- The definition of a shallow container which will hold liquids such as water, or a shallow, bowl-shapped depression on land filled with water, or when rock layers all tilt away from a center area.
- An example of a basin is a container in which laundry can be handwashed.
- An example of a basin is the Amazon Basin where the Amazon River and all its branches and tributaries drain.
- An example of a basin isthe Nashville Basin in Tennessee where all of the rock strata angle down and away from Nashville.
A baby playing in a basin.
basin definition by Webster's New World
- a round, wide, shallow container, as for holding water to wash in
- its contents or capacity
- a washbowl or sink
- any shallow, rounded hollow or depression, often containing water, as a pond
- a bay or harbor: yacht basin
- all the land drained by a river and its branches
- a great hollow in the earth's surface filled by an ocean
- Geol. a wide, depressed area in which the rock layers all incline toward a central area
Origin: Middle English and amp; Old French bacin ; from Vulgar Latin an unverified form baccinum ; from an unverified form bacca, water vessel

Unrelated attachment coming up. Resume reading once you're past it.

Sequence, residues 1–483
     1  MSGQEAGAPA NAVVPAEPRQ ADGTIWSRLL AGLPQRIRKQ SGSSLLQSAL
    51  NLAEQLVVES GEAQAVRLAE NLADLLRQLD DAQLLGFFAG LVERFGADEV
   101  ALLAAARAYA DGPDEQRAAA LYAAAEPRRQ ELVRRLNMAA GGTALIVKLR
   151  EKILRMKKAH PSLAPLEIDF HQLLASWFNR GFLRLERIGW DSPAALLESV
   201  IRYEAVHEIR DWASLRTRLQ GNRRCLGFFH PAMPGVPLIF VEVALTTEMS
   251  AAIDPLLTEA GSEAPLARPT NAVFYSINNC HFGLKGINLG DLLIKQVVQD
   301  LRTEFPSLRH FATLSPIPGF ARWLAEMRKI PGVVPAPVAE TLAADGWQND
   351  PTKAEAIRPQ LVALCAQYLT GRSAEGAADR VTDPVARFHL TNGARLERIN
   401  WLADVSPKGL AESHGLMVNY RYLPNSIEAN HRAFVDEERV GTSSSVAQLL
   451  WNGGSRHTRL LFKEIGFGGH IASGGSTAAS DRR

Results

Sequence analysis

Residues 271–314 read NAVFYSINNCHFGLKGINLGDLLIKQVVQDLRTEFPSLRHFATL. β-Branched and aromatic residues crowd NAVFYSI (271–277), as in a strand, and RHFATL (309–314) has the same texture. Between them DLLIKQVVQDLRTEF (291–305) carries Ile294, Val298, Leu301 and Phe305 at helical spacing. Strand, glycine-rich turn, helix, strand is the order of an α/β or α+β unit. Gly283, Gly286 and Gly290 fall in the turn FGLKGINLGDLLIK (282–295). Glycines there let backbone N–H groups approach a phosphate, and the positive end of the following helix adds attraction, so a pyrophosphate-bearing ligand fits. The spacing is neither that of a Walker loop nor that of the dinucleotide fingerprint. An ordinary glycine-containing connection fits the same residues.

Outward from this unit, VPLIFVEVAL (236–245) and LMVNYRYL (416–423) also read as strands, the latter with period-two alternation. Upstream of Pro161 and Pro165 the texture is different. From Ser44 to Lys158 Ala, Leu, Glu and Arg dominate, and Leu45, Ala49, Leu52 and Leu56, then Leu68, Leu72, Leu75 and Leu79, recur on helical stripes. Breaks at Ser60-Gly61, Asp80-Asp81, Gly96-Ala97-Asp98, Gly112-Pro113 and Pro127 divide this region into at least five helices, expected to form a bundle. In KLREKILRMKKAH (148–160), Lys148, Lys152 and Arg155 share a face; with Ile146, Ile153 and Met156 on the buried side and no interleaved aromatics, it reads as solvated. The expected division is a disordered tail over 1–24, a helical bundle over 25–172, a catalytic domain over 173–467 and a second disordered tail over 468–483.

basin definition by American Heritage Dictionary
- a. An open, shallow, usually round container used especially for holding liquids.b. The amount that such a vessel can hold.
- A washbowl; a sink.
- a. An artificially enclosed area of a river or harbor designed so that the water level remains unaffected by tidal changes.b. A small enclosed or partly enclosed body of water.
- A region drained by a single river system: the Amazon basin.
- Geology a. A broad tract of land in which the rock strata are tilted toward a common center.b. A large, bowl-shaped depression in the surface of the land or ocean floor.
Origin: Middle English, from Old French bacin, from Vulgar Latin *baccīnum, from *baccus, container, of Celtic origin.
- baˈsin·al adjective
- baˈsined adjective
basin - Science Definition
- A region drained by a river and its tributaries.
- A low-lying area on the Earth's surface in which thick layers of sediment have accumulated. Some basins are bowl-shaped while others are elongate. Basins form through tectonic processes, especially in fault-bordered intermontane areas or in areas where the Earth's crust has warped downwards. They are often a source of valuable oil.
- An artificially enclosed area of a river or harbor designed so that the water level remains unaffected by tidal changes.